JULIE BISHOP: It is a challenge for the whole world. We don't want to see a return to the days of protectionism because we know that that leads to a decline in economic growth. And what we we're wanting to do is build our export markets, build job opportunities for Australia and for example on Friday Steve Ciobo will be signing on behalf of Australia, the Trans-Pacific Partnership, the TPP 11. This is a fantastic trade deal with 11 countries involved, significant economies and it means more economic growth, more jobs through open trade and investment.

JOURNALIST: Back home – we appreciate your comments on that. Back home it is International Women's Day and of course there is great gender inequality across the board. What are you going to be Prime Minister?

JULIE BISHOP: That's not the question I expected you to ask me on International Women's Day.

JOURNALIST: You have to expect the unexpected.

JULIE BISHOP: From you I must learn to do that. It's not International Women's Day here yet. I will be attending the UN International Women's Day event here at the United Nations. There's a very high profile panel being put together with US Ambassadors like Reese Witherspoon and others. I have been invited to be on a panel, so, I will be talking about Australia's experience in empowering women and girls and the work we're doing in the Pacific, in particular, to give women and girls the opportunity to fulfil their potential. No country has actually achieved full gender equality and Australia has a long way to go, but as Australia's first female Foreign Minister I hope my voice can be heard here at the UN in calling for more support for women and girls, more opportunities for them to take leadership roles, whether it be in their families, their communities, in government and nationally.

JOURNALIST: I tell you what doesn't help back here when there is a focus not on the job you are doing but on what you are wearing – stories this week about jewellery. How does that sit with you?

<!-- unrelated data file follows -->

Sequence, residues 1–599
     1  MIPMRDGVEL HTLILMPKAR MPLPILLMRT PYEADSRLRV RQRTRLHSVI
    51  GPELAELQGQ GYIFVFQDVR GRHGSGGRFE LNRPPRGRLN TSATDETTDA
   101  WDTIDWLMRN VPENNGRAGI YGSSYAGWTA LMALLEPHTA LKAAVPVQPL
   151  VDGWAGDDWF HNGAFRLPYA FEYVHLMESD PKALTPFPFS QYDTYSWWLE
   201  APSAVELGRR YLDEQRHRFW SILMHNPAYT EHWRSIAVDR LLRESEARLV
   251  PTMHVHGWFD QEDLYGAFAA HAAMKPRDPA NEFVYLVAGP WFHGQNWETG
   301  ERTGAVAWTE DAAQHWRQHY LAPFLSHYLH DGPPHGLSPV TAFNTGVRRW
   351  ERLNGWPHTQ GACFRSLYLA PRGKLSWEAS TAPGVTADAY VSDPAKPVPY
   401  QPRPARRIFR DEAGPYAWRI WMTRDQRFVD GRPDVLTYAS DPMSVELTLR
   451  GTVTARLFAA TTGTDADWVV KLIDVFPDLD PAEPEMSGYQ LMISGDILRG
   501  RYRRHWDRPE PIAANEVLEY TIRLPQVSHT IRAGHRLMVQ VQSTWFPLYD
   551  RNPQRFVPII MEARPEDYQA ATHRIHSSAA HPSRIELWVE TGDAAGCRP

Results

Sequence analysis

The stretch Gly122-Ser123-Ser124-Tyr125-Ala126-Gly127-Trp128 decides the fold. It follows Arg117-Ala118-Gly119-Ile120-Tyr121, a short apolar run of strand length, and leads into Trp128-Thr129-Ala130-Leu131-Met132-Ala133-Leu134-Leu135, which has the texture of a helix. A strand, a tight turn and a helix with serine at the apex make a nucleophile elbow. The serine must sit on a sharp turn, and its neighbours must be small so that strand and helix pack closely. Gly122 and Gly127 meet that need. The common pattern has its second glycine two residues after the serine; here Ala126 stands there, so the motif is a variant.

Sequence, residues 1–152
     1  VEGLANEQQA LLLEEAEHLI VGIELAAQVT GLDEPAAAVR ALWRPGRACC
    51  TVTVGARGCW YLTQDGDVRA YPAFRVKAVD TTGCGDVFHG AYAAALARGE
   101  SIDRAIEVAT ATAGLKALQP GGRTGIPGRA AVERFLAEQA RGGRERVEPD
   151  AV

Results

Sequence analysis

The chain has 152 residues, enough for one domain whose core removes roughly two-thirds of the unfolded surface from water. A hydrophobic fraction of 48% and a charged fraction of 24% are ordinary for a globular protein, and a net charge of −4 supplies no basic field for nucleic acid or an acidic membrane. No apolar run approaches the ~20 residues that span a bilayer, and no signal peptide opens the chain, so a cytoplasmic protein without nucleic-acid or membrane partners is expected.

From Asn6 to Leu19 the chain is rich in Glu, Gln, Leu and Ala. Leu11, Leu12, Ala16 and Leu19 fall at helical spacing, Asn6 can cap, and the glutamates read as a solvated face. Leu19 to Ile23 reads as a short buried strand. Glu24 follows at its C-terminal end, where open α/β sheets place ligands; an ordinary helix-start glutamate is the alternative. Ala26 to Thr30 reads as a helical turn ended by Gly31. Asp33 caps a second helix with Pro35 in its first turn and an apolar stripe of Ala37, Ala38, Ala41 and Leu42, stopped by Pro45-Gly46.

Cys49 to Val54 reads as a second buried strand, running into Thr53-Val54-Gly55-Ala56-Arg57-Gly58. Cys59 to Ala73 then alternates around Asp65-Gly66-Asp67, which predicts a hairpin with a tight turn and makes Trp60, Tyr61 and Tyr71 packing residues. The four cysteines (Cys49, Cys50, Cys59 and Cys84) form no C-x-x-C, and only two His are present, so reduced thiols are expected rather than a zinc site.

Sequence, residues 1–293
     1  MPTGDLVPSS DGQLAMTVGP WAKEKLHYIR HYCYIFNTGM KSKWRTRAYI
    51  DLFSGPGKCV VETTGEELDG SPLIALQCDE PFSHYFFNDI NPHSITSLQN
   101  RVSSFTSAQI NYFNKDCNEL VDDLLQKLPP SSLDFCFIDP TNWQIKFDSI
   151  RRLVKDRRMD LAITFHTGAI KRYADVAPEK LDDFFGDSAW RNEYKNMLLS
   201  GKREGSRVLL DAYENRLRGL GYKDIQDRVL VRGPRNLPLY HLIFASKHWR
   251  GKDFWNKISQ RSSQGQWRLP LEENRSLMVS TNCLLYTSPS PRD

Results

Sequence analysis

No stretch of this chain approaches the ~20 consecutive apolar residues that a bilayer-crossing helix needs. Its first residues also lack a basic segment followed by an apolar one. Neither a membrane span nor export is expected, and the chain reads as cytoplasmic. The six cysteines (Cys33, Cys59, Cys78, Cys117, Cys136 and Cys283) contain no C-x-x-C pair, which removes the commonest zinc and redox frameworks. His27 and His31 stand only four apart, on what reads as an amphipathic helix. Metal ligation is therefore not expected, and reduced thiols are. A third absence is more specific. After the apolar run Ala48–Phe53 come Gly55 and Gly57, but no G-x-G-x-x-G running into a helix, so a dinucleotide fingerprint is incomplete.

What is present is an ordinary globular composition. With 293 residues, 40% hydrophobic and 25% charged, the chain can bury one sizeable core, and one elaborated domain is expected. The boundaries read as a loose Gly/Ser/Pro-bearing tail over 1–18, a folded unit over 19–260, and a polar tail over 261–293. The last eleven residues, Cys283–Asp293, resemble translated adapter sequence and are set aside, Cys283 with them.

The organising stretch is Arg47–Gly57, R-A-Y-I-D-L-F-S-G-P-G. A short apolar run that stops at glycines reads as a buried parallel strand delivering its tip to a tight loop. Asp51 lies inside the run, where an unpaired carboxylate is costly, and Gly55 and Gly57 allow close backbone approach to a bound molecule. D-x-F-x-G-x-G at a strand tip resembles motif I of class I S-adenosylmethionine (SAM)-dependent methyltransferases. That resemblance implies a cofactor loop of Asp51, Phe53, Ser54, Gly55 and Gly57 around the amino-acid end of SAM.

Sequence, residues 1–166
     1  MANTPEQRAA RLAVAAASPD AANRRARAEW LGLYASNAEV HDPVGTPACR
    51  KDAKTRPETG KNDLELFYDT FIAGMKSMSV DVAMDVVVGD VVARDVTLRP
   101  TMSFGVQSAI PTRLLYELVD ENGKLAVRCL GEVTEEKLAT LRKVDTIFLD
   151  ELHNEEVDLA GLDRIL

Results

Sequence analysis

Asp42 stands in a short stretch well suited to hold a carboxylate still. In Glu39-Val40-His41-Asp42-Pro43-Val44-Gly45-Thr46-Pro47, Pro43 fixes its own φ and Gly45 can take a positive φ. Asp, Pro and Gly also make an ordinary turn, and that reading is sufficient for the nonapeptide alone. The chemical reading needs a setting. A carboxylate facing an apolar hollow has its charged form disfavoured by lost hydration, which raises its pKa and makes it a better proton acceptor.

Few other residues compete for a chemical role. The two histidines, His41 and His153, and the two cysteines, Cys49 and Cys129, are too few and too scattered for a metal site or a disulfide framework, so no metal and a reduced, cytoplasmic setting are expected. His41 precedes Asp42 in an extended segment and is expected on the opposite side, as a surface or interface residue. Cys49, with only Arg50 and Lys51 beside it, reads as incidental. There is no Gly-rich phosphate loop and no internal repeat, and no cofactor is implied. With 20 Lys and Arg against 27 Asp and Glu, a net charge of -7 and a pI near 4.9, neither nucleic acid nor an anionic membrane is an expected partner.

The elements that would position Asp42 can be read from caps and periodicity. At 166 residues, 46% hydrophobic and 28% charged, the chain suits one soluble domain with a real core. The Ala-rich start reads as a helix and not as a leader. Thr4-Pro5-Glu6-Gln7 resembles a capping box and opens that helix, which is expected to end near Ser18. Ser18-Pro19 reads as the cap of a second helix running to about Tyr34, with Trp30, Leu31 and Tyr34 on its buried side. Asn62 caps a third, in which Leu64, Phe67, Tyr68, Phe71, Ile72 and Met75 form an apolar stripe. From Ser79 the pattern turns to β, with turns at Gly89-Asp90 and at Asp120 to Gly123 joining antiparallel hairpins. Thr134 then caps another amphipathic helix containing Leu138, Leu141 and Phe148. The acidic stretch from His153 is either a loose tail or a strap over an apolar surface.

JULIE BISHOP: Well, this is a challenging question for us all. What is appropriate journalism when I'm dealing with such significant issues like the signing of the Timor Sea Treaty yesterday? Today I addressed the General Assembly on the Kimberley Diamonds process – that is the regulation of the diamond trade across the world. Tomorrow I am making a statement in the Security Council about Afghanistan – and people want to focus on how I spend my salary? I really don't get the connection, but anyway we all have our priorities in life and mine is to act in the best interests of the Australian people as I represent Australia on the world stage.

JOURNALIST: You have done nothing wrong in that regard though?

JULIE BISHOP: Absolutely not. I understand my ministerial responsibilities in terms of the Code of Conduct and I understand my responsibilities as a Member of Parliament with the register of interests and I comply with both.

JOURNALIST: I hope you don't mind me saying but they are lovely earrings.

JULIE BISHOP: Thank you.

JOURNALIST: And when are you going to be Prime Minister?

JULIE BISHOP: (LAUGHS) Karl there is no vacancy. Prime Minister Turnbull is doing a great job. We are getting things done. This Government is achieving…

JOURNALIST: … He has two polls left.

JULIE BISHOP: I don't subscribe to that theory. Never have.

JOURNALIST: Foreign Minister, thanks for your time today, really appreciate it, as always.

JULIE BISHOP: It is always a pleasure, thanks Karl.

- Ends -